**Current landscape of IoT (internet of things), low-cost GNSS (satellite navigation system) receivers, and omnipresent wireless networks produce large amounts of data containing geospatial information. This blogpost introduces the basics of the geolocated k-nearest neighbors (k-NN) model and its applications in product campaign targeting.**

### Distance metrics

Geolocation means assigning real-world positions to the objects in the dataset. The position is usually represented as latitude, longitude (and elevation). The k-NN models are built on the ability of calculating the distance between two sets of coordinates. The distance metric itself can be defined in multiple ways.

The most common metric is the Euclidean distance, sometimes called Pythagorean formula. It is important to note that the Euclidean distance is defined in terms of Cartesian coordinates while the geographic coordinates are spherical. The usage of this metric with spherical coordinates is an approximation suitable only in certain situations (e.g. the data points are contained in a small region).

When precise distance is required, it is necessary to use the great-circle distance defined as the shortest path between two points on the surface of a sphere. The distance is usually calculated using the Haversine formula with Earth radius defined by WGS84 ellipsoid.

Cars and trains don’t travel along straight lines and some applications demand the actual travel distance or even the travel time. For large datasets however, the travel distance calculation can be technically challenging as it involves solving the shortest path problem for many different pairs of data points.

SciPy documentation offers a list of many more distance metrics. However, some may not be suitable for use with geographic coordinates.

It is important to properly analyze the problem before selecting the right metric. For example, euclidean distance might correlate well with the travel distance for a small region with a road network homogenous in all directions.

### k-nearest neighbors

k-NN is one of the simplest form of supervised learning. The algorithm predicts the target value of a data point using the spatial proximity to the surrounding training samples.

The figure belows shows an example of k-NN classification, the predicted value for *k = 5* would be 0 as it is the most common label in the set of the five nearest points. In case of k-NN regression, the target value is defined as the mean of the k-nearest labels.

The naive implementation of the k-NN algorithm requires calculating the distance to every training sample which might not be feasible for large datasets. More efficient approach is to use a **space-partitioning structure** to index the data. Ball tree or k-d tree are examples of such data structures.

k-d tree is a binary search tree where nodes represent k-dimensional points. Each level of the tree splits one of the dimensions into half-spaces. The example below is a 2-d tree constructed out of 7 points:

*data* = {(1, 0), (1,4), (2, 1), (4, 7), (7,4), (6, 3), (5, 6)}.

The tree root is selected using the median of the first dimension and splits the rest of the data into two subtrees. Points with lower values in the first dimension belong to the left subtree, points with higher values belong to the right. The process is then recursively applied to the next dimension at the second level of the tree.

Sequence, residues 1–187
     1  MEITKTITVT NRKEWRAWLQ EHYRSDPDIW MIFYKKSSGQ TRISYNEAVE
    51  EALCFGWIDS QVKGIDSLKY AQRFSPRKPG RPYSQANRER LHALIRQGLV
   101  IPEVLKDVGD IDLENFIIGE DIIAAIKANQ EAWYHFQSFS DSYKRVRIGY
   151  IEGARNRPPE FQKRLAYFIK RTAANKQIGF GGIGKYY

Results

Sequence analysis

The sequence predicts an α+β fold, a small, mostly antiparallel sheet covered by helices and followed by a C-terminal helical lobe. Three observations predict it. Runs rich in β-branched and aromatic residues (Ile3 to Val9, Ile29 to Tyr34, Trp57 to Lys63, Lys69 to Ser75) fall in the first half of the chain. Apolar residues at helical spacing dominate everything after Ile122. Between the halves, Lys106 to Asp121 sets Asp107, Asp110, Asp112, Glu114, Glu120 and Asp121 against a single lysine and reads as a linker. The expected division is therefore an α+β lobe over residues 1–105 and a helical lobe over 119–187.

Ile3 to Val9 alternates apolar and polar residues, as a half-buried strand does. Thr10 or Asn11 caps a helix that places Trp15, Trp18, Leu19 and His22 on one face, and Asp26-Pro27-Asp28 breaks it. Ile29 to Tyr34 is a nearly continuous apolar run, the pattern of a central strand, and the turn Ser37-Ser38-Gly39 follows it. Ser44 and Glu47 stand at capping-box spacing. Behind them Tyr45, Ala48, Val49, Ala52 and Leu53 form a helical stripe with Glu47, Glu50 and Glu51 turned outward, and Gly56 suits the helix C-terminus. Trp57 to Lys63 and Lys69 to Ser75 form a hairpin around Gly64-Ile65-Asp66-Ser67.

Comprehensive overview of the k-d tree algorithm can be found on Wikipedia or in this PhD thesis extract.

The following Python code compares the naive implementation and the k-d tree approach. The test problem consists of finding 5 nearest neighbors in the training dataset of 100 000 samples for 1 000 random points.

import numpy as np from scipy.spatial import cKDTree # data training = np.random.rand(100000, 2) k = 5 # naive approach def get_euclid_dists(training, x): return np.sqrt(((training - x) ** 2).sum(axis=1)) %%timeit dists = [get_euclid_dists(training, np.random.rand(1, 2)) for _ in range(1000)] results = np.argpartition(dists, k)[:, :k] >> 7.65 s ± 871 ms per loop (mean ± std. dev. of 7 runs, 1 loop each) # k-d Tree %%timeit tree = cKDTree(training) results = tree.query(np.random.rand(1000, 2), k) >> 46.6 ms ± 653 µs per loop (mean ± std. dev. of 7 runs, 10 loops each)

The results show that, on average, the k-d tree performed more than hundred times faster than the naive implementation of the algorithm.

The k-NN model setup involves finding an appropriate value for *k***, **this is usually done using parameter search that optimize an appropriate performance metric of the model. Some applications might warrant using different *k* values for different geographic regions of the dataset.

### Marketing applications

Geolocated nearest neighbors models can be applied to enhance the performance of direct marketing campaigns in situations with no or very limited behavioral data. Instead of random targeting, the audience is selected using propensity score based on the data from local neighborhood of each client. The model can be then further improved using additional available client data (e.g. sex, age) as well as demographic data describing the neighborhood (e.g. median income, median age).

To evaluate the model, the common approach is to define a set of test samples and calculate the usual metrics such as precision, recall, or area under ROC (receiver operating characteristic) curve. Audience targeted with well-performing model shows increased response rate to the campaign than randomly selected clients. This effect is called model lift.

First step before implementing the pipeline is to analyze whether the data are suitable for this form of predictive modeling. For example, the product that the campaign want to promote is evenly distributed across the entire geographic area, or the client base is too sparse preventing us from building any meaningful neighborhoods*.*

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